The following post is by Charlottesville architect and artist Jessie Chapman. She is part of the Urban Sketchers group that goes on location to observe and document buildings and street scenes here in Charlottesville. On occasion, Jessie takes the extra step to photograph her work on site and create these “sketch-in-context” photos. C’ville Images is thrilled that Ms. Chapman was willing to share a few of her images with us along with some of her thoughts on each subject. Jessie told C’ville Images recently, “sketching isn’t so much about making art as about seeing and slowing down.” We think her work captures this idea perfectly.
Under the Belmont Bridge: This area drew my attention after working with UVa Architecture students on a design project to reimagine the bridge that seems to divide downtown more than a bridge ought to. I know that there used to be a lumberyard down here and that the Buckingham Branch Railroad uses the space for its trains. There’s a lot going on down there and I’d like to go back to sketch again.
Pavilion: Under the big Pavilion tent with a small group of sketchers. This is a space that challenged my sense of scale and perspective. Photos flatten things out and make it seem easier to perceive a space. But for me, there’s no substitute for spending time on location with a sketchbook to figure out how a space works. The sketch is always better, and you learn to get faster, when you’re in a less-than-ideal circumstance and limited to the tools you have on hand. On this day, I got to know a few new people who came out to sketch with me, which made it even nicer to be under the tent!
Pavilion II: Near the Rotunda, sitting on the steps of Pavilion II. This was a very quick sketch. I like to just establish a few lines and cast the main shadows, then decide if I want to keep adding detail. In this case, it was the right decision to leave it. Lately, I love using Instagram to transmit a sketch right away. On Sundays, a lot of other Urban Sketchers groups are out all over the world, and there’s something delightful about trading these views from our books with people doing the same thing in Jakarta or Barcelona. Some are people I’ve met, and others just feel like members of the global family.
Woolen Mills Chapel: One of the more pleasing buildings in town, to my eye. I made peace with it by squeezing the steeple onto this spread and resolving to move up to the next size sketchbook! At the very least, I’d like to have more white space around the sketch.
Transit Center: Planning sketch outings has been more challenging than usual this winter, so we opted for a backup plan: the Charlottesville Transit Station and Visitors’ Center. This one is not such a stunning or iconic view, but it’s a lovely space and we enjoyed talking to the people who work here. A group of people gathered at this desk to my right to listen to the UVa- Duke basketball game on the radio. The man at the desk later told me “people will come in and say ‘I’ve got one hour in Charlottesville. What should I see?'”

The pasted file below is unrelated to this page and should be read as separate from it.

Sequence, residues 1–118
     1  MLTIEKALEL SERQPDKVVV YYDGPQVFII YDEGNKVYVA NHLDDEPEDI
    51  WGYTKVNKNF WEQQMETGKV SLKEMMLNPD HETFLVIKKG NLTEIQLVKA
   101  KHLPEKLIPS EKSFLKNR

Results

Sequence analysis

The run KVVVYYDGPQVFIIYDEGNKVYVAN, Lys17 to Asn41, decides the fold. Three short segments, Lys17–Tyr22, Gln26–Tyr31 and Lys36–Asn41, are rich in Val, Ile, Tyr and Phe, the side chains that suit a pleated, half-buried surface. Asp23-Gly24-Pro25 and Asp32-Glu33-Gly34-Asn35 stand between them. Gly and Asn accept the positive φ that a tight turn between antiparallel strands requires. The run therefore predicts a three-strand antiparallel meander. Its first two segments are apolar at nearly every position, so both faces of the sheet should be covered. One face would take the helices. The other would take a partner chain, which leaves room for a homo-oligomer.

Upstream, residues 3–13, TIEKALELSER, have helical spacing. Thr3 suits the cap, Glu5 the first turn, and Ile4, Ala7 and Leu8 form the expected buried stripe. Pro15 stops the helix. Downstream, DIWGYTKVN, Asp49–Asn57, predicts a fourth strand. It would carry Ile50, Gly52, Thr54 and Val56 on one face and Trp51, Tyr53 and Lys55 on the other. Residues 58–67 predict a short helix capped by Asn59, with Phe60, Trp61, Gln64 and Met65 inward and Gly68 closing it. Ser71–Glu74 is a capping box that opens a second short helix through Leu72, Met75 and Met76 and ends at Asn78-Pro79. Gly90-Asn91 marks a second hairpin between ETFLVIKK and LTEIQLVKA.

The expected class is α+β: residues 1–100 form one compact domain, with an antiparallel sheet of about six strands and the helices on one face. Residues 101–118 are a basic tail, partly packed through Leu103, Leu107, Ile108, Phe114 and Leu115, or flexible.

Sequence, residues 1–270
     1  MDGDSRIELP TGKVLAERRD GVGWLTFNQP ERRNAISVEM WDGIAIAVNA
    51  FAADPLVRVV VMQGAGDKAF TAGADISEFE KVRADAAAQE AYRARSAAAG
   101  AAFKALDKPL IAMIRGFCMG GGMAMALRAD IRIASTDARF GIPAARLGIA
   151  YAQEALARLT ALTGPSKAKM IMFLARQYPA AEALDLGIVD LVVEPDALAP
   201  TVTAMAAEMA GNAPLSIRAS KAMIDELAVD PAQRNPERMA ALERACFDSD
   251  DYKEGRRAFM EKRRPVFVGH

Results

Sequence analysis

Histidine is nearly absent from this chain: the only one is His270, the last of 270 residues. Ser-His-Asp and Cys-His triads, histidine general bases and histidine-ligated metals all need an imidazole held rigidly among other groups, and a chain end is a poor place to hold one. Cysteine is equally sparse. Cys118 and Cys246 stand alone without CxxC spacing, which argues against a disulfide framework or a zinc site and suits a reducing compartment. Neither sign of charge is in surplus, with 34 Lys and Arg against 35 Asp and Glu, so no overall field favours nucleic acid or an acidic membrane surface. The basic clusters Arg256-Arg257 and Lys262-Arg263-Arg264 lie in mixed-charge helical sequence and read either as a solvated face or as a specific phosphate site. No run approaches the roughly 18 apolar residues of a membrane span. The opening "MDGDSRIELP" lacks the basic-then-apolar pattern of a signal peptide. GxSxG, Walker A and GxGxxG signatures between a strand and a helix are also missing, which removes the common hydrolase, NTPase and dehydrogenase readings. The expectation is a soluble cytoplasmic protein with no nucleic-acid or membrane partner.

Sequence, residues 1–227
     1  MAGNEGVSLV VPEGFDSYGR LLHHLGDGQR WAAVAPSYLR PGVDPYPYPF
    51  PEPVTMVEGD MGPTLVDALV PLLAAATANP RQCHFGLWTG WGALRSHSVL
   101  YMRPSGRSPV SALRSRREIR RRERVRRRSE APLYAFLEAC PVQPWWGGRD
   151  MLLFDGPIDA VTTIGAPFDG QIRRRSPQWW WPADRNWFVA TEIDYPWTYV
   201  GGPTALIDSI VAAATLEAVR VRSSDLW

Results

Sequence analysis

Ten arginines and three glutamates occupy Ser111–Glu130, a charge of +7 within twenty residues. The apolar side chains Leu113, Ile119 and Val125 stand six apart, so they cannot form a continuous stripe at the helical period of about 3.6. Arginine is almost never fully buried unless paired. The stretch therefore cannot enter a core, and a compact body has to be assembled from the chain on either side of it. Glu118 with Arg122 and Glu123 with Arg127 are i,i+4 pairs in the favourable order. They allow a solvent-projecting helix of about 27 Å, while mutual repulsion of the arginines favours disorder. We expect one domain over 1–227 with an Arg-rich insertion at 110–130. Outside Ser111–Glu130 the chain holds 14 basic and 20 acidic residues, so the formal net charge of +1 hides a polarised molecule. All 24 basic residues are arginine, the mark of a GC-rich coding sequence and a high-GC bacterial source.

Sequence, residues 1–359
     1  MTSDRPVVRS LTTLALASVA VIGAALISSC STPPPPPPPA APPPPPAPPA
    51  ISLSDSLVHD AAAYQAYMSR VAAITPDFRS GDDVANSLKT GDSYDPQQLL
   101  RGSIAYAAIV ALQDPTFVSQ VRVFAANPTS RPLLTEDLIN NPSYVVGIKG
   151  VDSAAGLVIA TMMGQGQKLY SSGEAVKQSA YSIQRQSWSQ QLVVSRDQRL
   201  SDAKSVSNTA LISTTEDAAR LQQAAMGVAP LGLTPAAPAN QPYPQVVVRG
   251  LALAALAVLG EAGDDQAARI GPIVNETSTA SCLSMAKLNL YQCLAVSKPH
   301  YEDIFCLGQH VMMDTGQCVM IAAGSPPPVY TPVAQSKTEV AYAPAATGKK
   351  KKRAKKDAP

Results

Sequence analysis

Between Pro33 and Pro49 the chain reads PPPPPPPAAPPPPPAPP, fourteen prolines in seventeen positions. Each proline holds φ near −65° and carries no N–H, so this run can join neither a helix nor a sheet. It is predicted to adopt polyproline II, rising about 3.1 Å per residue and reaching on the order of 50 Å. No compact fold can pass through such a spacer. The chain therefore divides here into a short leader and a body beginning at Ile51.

Transit Center #2: Looking out over the staircase at the Transit Center. There’s Scott DuBar, another Charlottesville Urban Sketcher, who happens to be sketching a view that includes me looking across at him. Unfortunately, he came and sat there after I’d set up the sketch, or I wouldn’t have located him at the spine of the book!
Tru Pilates: I asked the owner of Tru Pilates if I could come in early to sketch before my class from time to time. It’s a beautiful studio and I could use some practice on figures in motion. Watching with pencil in hand, I became more aware of things I’ve learned and done myself in these classes.
Amtrak Station: On Superbowl Sunday, we went sketching at the Charlottesville train station. UVA Medical Center is in the distance, with the helicopter ready to go. I’ll often try the same scene two different ways. Sketching is a form of problem solving and sometimes working out two answers makes sense. Just above my sketchbook, you see a very large extractor fan which connects to the kitchen at the Wild Wings. As an architect, I’m always thinking about ventilation and lighting and all the parts that make a building function. On this day, the restaurant was preparing wings for about a zillion football fans. It would be an understatement to say that is the hardest working fan I’ve ever seen!
Jessie Chapman is an architect in Charlottesville, Virginia. After taking up sketching as a way to improve her design skills , she soon discovered that drawing daily makes for a better outlook on almost everything. She serves on the Executive Board of Urban Sketchers, a global nonprofit devoted to raising the artistic, storytelling and educational value of location drawing. Jessie is a firm believer that drawing every day is good for the mind and doing it in a group is good for your community. Read some of her thoughts on sketching, seeing, and memory in this essay.
These photographs are the property of Jessie Chapman and used here with permission. Photo of Jessie by Marc Taro Holmes. If you are an artist or photographer and would like to contribute to C’ville Images, please contact us.